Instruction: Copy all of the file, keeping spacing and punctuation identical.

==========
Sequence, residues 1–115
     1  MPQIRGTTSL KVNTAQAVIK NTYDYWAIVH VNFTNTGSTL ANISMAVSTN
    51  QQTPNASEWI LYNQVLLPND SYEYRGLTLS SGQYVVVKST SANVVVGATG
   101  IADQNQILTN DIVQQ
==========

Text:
Sequence, residues 1–115
     1  MPQIRGTTSL KVNTAQAVIK NTYDYWAIVH VNFTNTGSTL ANISMAVSTN
    51  QQTPNASEWI LYNQVLLPND SYEYRGLTLS SGQYVVVKST SANVVVGATG
   101  IADQNQILTN DIVQQ